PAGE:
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Environmental justice groups block Mary Nichols’ path to EPA

Mary Nichols
Mary Nichols has led the California Air Resources Board since 2007. Her term expires at the end of this year.
(Irfan Khan / Los Angeles Times)

Through four governors, two Obama terms and the Trump administration, Mary Nichols has led the charge to clean up California’s smog and fight climate change. In the process, she has earned herself a reputation as one of the most influential environmental regulators in the country.

So with Joe Biden headed to the White House, it was no surprise that Nichols quickly emerged as his top candidate to lead the Environmental Protection Agency.

But Nichols, who cultivated a national reputation as chair of the California Air Resources Board, appears now to have had her nomination derailed by critics at home. On Thursday, news broke that Biden had picked Michael Regan, the top environmental regulator in North Carolina, to run the EPA, making him the first Black man to head the agency as the president-elect promises to assemble a diverse Cabinet that will “look like America.”

In choosing Regan, Biden acceded to pressure from progressive activists and frustrated Democratic moderates, who considered Nichols to be the most qualified candidate for the job.

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California environmental justice advocates, who have battled against her for decades, campaigned fiercely against her candidacy and, in the last few weeks, enlisted national allies. More than 70 groups wrote to the Biden transition team this month alleging that Nichols had championed policies that disproportionately hurt poor and underserved communities.

“She is not fit to lead an EPA that values environmental justice,” they wrote.

Nichols did not respond to a request for comment.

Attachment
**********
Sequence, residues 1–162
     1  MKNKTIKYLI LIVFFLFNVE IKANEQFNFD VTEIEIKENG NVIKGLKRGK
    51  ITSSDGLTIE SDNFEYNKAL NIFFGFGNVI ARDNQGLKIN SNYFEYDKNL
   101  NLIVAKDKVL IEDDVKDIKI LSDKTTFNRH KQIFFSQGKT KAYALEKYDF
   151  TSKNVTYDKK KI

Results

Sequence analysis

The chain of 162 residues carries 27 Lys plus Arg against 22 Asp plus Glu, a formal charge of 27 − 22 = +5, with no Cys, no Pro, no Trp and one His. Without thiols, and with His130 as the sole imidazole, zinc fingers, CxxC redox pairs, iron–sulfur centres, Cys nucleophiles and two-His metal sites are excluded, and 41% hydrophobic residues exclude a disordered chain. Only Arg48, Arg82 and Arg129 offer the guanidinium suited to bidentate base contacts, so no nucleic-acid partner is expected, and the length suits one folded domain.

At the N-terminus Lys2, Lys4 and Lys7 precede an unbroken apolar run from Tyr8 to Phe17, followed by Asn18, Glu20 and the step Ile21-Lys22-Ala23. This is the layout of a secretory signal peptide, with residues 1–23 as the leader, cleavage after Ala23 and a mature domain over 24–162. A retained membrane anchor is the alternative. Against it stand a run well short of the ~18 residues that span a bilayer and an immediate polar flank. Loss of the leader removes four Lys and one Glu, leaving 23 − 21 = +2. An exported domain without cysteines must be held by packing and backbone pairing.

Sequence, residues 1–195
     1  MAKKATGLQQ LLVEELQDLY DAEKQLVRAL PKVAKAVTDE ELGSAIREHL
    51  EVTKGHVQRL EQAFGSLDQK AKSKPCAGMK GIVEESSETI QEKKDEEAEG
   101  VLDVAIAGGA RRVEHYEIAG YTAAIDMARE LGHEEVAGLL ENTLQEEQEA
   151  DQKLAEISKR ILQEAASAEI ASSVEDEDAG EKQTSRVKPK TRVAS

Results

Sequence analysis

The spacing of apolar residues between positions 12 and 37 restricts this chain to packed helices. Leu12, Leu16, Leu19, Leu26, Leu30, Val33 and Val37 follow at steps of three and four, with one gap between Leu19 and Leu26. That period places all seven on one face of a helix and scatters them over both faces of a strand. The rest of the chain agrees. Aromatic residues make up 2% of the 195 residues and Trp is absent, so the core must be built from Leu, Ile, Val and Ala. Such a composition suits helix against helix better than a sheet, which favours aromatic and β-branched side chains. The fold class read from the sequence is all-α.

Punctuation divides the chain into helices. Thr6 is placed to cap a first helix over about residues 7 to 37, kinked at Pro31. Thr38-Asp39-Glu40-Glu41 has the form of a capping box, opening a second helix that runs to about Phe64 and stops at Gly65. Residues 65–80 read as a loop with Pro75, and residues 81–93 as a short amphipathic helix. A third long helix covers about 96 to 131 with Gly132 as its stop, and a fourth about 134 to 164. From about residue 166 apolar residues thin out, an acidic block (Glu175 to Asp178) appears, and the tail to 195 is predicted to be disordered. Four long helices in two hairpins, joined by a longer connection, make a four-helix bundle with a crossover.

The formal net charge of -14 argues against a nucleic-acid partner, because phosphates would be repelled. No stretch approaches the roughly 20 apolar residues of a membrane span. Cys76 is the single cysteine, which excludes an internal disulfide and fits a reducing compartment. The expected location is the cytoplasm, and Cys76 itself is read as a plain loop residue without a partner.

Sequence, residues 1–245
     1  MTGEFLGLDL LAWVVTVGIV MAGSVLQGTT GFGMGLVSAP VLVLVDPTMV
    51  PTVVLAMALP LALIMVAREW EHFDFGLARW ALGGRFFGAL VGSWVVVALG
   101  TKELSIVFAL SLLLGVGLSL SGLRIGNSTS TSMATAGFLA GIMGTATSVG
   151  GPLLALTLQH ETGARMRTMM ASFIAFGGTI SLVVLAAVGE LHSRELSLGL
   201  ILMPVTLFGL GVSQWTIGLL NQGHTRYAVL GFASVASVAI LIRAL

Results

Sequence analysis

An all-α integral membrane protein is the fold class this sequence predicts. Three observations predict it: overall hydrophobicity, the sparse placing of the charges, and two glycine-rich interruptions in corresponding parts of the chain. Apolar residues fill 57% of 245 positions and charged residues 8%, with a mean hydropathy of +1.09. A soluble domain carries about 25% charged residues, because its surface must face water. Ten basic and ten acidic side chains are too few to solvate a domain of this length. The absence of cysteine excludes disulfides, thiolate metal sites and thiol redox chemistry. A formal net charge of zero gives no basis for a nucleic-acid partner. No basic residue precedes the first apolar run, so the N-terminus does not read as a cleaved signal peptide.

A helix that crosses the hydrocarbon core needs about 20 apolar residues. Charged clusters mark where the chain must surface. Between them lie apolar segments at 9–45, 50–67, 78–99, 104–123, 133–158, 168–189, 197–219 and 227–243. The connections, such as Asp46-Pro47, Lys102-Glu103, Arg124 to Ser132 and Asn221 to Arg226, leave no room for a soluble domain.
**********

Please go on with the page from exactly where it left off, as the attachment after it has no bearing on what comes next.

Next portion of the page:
More than any other climate policy she has pursued, Nichols’ role in championing California’s cap-and-trade program has angered environmental justice groups.

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When the program debuted in 2013, it was seen as California’s premier climate policy. It was the first of its kind in North America and had the support of most major environmental groups. Designed to help the state meet its goal of reducing greenhouse gas emissions to 1990 levels by 2020, the program used a market-based system that set an annual limit, or a cap, on nearly all of the state’s emissions.

Polluting industries could meet this requirement, which would tighten over time, by lowering their emissions or buying state-auctioned permits that allowed them to continue emitting planet-warming gases. The revenue generated by these auctions would be invested in new technology to further reduce emissions, such as installing solar panels on apartment buildings in low-income neighborhoods.

Carbon emissions in California fell. In fact, the state met its goal in 2016, four years ahead of schedule.

It is unclear, however, how big a role cap and trade played in those reductions. According to an analysis by ProPublica published last year, emissions from the state’s oil and gas industry have risen 3.5% since the program began.

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Critics of cap and trade say that it allows polluters to buy their way out of having to change their behavior. To Californians living near ports, oil refineries and rail yards, the program seemed designed for the benefit of the fossil fuel industry. Meanwhile, residents in their communities were still struggling with smog and high asthma rates.

“It was all about abandoning pollution in highly impacted communities and planting trees in Nebraska,” said Jane Williams, director of California Communities Against Toxics. “The offsets weren’t real. You got pollution reductions in Quebec, but how does that help my folks in South L.A.?”